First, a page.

When digital cameras became common, a question many photographers asked was whether their film cameras could be converted to digital. The answer was yes and no. For the majority of 35 mm film cameras the answer is no, the reworking and cost would be too great, especially as lenses have been evolving as well as cameras. For most a conversion to digital, to give enough space for the electronics and allow a liquid crystal display to preview, would require removing the back of the camera and replacing it with a custom built digital unit.

Many early professional SLR cameras, such as the Kodak DCS
Kodak DCS
The Kodak Digital Camera System is a series of digital single-lens reflex cameras and digital camera backs that were released by Kodak in the 1990s and 2000s, and discontinued in 2005. They were all based on existing 35mm film SLRs from Nikon and Canon...

 series, were developed from 35 mm film cameras. The technology of the time, however, meant that rather than being digital "backs" the bodies of these cameras were mounted on large, bulky digital units, often bigger than the camera portion itself. These were factory built cameras, however, not aftermarket conversions.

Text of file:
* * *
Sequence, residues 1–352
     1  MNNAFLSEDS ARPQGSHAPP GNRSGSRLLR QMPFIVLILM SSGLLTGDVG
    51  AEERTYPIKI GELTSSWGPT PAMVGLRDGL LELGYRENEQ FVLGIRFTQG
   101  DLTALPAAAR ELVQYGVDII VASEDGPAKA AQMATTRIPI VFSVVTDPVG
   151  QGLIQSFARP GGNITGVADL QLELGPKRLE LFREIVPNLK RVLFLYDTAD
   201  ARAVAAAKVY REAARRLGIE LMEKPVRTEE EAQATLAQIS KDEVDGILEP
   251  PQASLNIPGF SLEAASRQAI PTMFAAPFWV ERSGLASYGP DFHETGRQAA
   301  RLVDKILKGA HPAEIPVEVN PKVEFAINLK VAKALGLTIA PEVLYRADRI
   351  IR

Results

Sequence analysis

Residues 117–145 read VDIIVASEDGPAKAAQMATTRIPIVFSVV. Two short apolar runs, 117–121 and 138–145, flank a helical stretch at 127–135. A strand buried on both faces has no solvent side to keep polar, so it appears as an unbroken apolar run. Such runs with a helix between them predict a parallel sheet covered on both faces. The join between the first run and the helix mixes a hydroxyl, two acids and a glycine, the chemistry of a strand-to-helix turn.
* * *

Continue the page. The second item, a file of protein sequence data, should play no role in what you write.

A notable exception is the Nikon E2, followed by Nikon E3
Nikon E3
The Nikon E3 and Nikon E3s, co-developed with Fujifilm and marketed also as the Fujix DS-565, are autofocus 1.3 megapixel professional grade quasi-full frame digital single lens reflex cameras announced by the Nikon Corporation on 15 June 1998 and released in December 1999. The E3S is identical...

, using additional optics to convert the 35mm format to a 2/3 CCD-sensor.

A few 35 mm cameras have had digital camera back
Digital camera back
A digital camera back is a device that attaches to the back of a camera in place of a film holder and contains an electronic image sensor. This lets cameras that were designed to use film take digital photographs...

s made by their manufacturer, Leica being a notable example. Medium format and large format
Large format
Large format refers to any imaging format of 4×5 inches or larger. Large format is larger than "medium format", the 6×6 cm or 6×9 cm size of Hasselblad, Rollei, Kowa, Pentax etc cameras , and much larger than the 24×36 mm frame of 35 mm format.The main advantage...

 cameras (those using film stock greater than 35 mm), have a low unit production, and typical digital backs for them cost over $10,000. These cameras also tend to be highly modular, with handgrips, film backs, winders, and lenses available separately to fit various needs.